Modelled hourly SO2 concentrations were within a factor of two of observations, with mean fractional bias MFB) within ±60% for all months and stations and within ±30% in some cases, and the Index of Agreement (IOA) was in the range of 0.51 to 0.77 across stations. The root mean square error (RMSE) was within the observed standard deviation of hourly averages. In the case of PM2.5, model performance is reasonable with all monitoring stations within the acceptable model performance criteria for MFB (±60%) and mean fractional error, MFE (±75%).

2.6. Population Exposure Modelling

Population-weighted annual average PM2.5 (pwaa-PM2.5) [54] concentrations were calculated for the NSW greater metropolitan area based on the modelled PM2.5 levels and Australian Bureau of Statistics Statistical Area 2 (SA2) usual residential population data from the 2011 census.
The pwaa-PM2.5 attributable to 2013 coal-fired boiler stack emissions (0.15 µg/m³) was used to estimate the health burden and related costs associated with long-term exposure to PM2.5 from coal-fired power stations (both primary and secondary) (Figure 4). Changes to pwaa-PM2.5 concentrations due to changes in coal-fired boiler stack emissions given the medium and large demand shock scenarios were estimated relative to the base case with reductions of 4% and 8% projected, respectively.

2.7. Health Impacts and Cost Assessments

The health impact assessment covered the NSW greater metropolitan area which covers 85% of the total NSW population including the three largest cities of Sydney, Newcastle and Wollongong and focused on the health burden attributable to long-term exposure to PM2.5 concentrations and the potential health benefits due to reductions in the pwaa-PM2.5 from CEP. The health burden was quantified using attributable numbers of premature deaths (AN), loss of life expectancy at birth and years of life lost (YLL). Health benefits and related costs were quantified based on the estimated number of life years (LY) gained. We conducted two types of sensitivity analysis. Sensitivity analysis determines how different values of an independent variable affect a particular dependent variable under a given set of assumptions. It is very common in different domains. With the health impact estimates we examined the variation in health impacts using two different concentration response functions, two different emissions scenarios and two different lag-effects. Finally, we tested the sensitivity of the economic valuations using three different discount rates (discount rates reflect the long-term cost of capital, see below).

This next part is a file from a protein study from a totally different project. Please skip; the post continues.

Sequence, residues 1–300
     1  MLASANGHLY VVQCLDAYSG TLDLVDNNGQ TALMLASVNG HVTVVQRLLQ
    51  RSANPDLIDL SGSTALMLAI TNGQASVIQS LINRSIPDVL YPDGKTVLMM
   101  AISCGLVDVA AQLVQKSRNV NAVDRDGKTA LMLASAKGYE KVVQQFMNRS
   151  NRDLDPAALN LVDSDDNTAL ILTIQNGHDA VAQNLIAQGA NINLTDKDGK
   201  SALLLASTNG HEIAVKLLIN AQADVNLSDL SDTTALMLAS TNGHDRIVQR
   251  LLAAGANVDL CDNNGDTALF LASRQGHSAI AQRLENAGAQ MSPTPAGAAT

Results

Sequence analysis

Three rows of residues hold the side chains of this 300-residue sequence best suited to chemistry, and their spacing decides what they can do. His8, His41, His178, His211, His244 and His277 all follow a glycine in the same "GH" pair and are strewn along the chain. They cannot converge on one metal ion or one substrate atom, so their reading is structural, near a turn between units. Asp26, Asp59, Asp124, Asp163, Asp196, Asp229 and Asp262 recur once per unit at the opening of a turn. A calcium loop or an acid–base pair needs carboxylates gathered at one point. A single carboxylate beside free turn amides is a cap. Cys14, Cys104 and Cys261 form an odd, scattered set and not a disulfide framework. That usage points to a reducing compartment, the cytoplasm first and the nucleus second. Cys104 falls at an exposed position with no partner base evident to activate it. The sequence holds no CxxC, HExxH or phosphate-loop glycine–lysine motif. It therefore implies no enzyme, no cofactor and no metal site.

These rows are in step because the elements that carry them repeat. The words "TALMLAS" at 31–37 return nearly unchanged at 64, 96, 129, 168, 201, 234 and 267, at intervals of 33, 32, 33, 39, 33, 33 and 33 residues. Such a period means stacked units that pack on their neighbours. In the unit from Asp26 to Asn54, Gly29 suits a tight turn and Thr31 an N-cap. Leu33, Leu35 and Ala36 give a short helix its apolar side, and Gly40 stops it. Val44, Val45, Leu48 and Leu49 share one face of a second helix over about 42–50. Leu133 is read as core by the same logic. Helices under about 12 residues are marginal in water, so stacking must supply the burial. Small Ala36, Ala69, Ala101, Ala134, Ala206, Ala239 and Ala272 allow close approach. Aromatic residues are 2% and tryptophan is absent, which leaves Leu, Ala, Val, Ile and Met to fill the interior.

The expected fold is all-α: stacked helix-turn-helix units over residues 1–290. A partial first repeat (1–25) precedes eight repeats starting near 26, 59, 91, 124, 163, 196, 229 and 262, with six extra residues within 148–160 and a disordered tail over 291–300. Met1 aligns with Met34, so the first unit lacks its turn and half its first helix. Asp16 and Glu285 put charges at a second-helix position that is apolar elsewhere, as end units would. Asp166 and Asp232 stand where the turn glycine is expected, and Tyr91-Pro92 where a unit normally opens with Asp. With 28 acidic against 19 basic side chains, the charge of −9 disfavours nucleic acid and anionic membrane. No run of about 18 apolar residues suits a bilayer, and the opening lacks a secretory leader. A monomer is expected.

Health impact estimates are based on a concentration-response coefficient relating the pwaa-PM2.5 to a risk of death. Meta-analysis across large multi-city studies indicates that effects of PM2.5 on health are similar across geographic areas. A concentration-response coefficient derived from a meta-analysis of North American and European cohort studies was used for the central estimate; concentration-response coefficient, β-coefficient, of 0.006 (95% confidence interval 0.004–0.008) [55]. This β-coefficient has previously been applied for assessing health impacts in the Greater Sydney region [36,38]. Sensitivity analysis was conducted using a higher β-coefficient of 0.0121 derived from the reanalysis of the 6-Cities study [56].
Age-specific mortality and population data from the NSW Ministry of Health were applied in the study, with health burden quantified for all-cause mortality in adult populations (aged 30+ years). A delay or “cessation lag” was assumed for the central estimate, i.e., a lag in the time from when the change in the pwaa-PM2.5 levels occur to when health benefits are fully realised. The 20-year distributed lag structure published by the US Environmental Protection Agency [56] was applied, with sensitivity testing undertaken for a ‘no cessation lag’ case to assess how this affected the results [57].